Famed author and poet speaks at Coffman Union

Troupe, co-author of “The Pursuit of Happyness,” performed his poetry.
Poet and writer Quincy Troupe speaks about his art experiences Wednesday at Coffman Union.
April 28, 2010

With content ranging from his mother to NBA superstars, poet and famed author Quincy Troupe dazzled and electrified an audience with his hard-edged poetry at the University of Minnesota’s Coffman Union on Wednesday evening.
As the co-author of Hollywood-adapted “The Pursuit of Happyness” and author of 17 books, including eight volumes of poetry, Troupe is considered to be a true giant of the written word.
The event, which was followed by a discussion with University professor and acclaimed author Alexs Pate, was the final segment in the yearlong African American Authors series co-sponsored by University of Minnesota Libraries and The Givens Foundation for African American Literature.
“His language is magnetic … Quincy is a true American original,” said Pate before welcoming Troupe onto the stage.
Troupe went on to perform a series of poems with the energy and style of a jazz musician playing before a crowd.
“I have like 800 pages of poetry, so it’s hard for me to cut it down,” Troupe explained as he continued.
After receiving a thunderous applause, Troupe was joined by Pate to discuss his life, writing and relationship with jazz legend Miles Davis.
Troupe said he began writing poetry while living in France when he was young. But he said he didn’t discover his free-form voice until he moved to California. Troupe cited poets such as Dylan Thomas and Pablo Neruda as some of his major early influences.
In 1989, Troupe reached new literary heights after receiving the 1990 American Book Award for his involvement with the Miles Davis autobiography.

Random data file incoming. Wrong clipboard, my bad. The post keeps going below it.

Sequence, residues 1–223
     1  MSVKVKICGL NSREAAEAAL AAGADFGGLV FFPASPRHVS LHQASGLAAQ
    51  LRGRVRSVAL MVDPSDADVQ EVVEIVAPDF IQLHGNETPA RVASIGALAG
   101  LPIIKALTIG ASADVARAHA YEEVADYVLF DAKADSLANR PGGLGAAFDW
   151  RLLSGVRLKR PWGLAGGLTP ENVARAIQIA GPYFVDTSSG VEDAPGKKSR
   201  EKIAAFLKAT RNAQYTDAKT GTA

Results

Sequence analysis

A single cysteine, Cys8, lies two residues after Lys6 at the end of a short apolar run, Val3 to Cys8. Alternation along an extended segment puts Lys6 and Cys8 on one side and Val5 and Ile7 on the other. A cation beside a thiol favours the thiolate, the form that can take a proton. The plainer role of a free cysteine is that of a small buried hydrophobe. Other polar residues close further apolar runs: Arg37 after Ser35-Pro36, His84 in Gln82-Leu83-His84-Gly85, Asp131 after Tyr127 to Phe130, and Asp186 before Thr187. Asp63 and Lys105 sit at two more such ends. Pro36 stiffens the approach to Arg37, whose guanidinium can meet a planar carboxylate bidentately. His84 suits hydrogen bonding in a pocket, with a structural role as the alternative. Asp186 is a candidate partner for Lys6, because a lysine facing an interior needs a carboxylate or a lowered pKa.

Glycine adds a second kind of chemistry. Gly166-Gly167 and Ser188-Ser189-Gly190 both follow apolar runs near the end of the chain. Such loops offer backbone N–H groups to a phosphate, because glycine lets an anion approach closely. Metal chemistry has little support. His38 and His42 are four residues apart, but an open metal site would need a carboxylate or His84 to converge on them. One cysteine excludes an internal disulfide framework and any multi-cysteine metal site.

Troupe is one of the most widely celebrated authors in the world and was twice named the heavyweight champion of poetry at a national competition held in New Mexico.
“I think it’s really important when a poet who is read across such a wide range of places comes to visit,” said Pate.
Troupe also elaborated on his fascination with basketball and illustrated its link to black culture and jazz music.
“It’s a fast-paced urban game … in a great game of basketball, you have to improvise as you play,” explained Troupe.
Troupe regained national attention in 2006 when his biographical book Pursuit of Happyness, which he co-authored with Chris Gardner, was adapted into a full-length motion picture starring Will Smith.
First-year theater student Sam Humleker said he was drawn to Troupe because of the lyrical flow of his writing.
“There’s something very visceral about it … when you read it you can feel the rhythm in the words,” Humleker said.

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